We interviewed Jennifer Rudd, Project Manager at Leighton on her experience and thoughts on women in tech.
I am a project manager working on British Airways IT contracts. The role ‘Project Manager’ tends to mean different things and come with differing responsibilities depending on the company. However, the main responsibility is always on ensuring that projects run on time, within budget and to the expected high standards of quality. This can mean acting as a Scrum Master for the development and IT teams, building client relations with stakeholders and a lot of ‘fancy footwork’ to make sure things run smoothly and that when things do not, the project overall does not suffer. It helps to know a lot about digital and development when working in such an environment and with teams of techy folk.
My mother was an IT lecturer at University so I was exposed to IT from a young age. She used to practise her courses on my sister and I before rolling them out to the students. In honesty though, I left school not knowing what I wanted to do with my life. I was accomplished at quite a few subjects, especially art, but lacked direction. I enrolled at college and dropped out after a few months. I quickly realised that if I wanted to succeed in life I had to apply myself at something, so I applied for everything I could find. One of those applications was an IT apprenticeship and they took me on. That was the first rung on my ladder in a technology career. I moved onto IT engineer, customer support for an IT platform, web designer then web developer, team leader and finally, project manager. The jump to web designer came from meeting a web designer and realising that I could combine my love of art and technology in one role. It seemed perfect.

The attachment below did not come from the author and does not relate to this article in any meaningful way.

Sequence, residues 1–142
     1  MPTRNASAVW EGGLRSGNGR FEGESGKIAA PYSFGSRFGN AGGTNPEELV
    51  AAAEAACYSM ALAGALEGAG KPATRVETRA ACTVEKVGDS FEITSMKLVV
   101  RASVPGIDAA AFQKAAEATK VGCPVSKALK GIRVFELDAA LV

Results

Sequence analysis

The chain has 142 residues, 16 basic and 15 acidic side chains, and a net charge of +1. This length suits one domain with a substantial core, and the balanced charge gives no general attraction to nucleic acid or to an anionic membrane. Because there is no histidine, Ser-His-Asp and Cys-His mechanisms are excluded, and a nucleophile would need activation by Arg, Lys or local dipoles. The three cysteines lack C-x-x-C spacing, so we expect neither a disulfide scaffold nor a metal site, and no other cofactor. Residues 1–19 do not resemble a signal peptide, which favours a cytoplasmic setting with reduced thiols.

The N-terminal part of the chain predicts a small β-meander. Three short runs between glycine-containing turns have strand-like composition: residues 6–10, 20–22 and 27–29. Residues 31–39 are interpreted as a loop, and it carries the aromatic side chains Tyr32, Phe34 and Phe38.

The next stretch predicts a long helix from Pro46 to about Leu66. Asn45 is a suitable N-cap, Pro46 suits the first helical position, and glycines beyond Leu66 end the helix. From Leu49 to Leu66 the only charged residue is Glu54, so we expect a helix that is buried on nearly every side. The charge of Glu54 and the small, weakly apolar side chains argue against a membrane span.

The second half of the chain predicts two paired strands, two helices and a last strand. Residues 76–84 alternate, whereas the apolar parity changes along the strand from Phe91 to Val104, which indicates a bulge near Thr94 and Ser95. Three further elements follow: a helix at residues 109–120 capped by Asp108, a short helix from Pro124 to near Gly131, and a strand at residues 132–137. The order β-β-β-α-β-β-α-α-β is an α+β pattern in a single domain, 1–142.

I dropped out of the typical college route, but I took an IT apprenticeship and then I did a Foundation Degree in Web Design as a mature student.
My entire career has been in IT and Digital, from the age of 15. I worked as an IT engineer (wearing a Large, men’s uniform as they had not had a female there before). I then worked with a global IT application on the support desk, helping users. This gave my invaluable customer service skills which I still use to this day. I worked as a web designer and also as a developer in several prominent NE agencies too.
I think there are a lot more women out there now than there perhaps was 10 years ago. When I first started my career, it was common place for me to be the only female in the entire company. Nowadays this has improved, although it is still by no means an equal split. Leighton has a fantastic ratio. I know there are still a lot of companies out there however who still have a predominantly male workforce.
Definitely. For starters, I used to always surprise people when I told them I was a developer. For some reason I kept being asked if I was a school teacher? Maybe I “look” like one, whatever that means.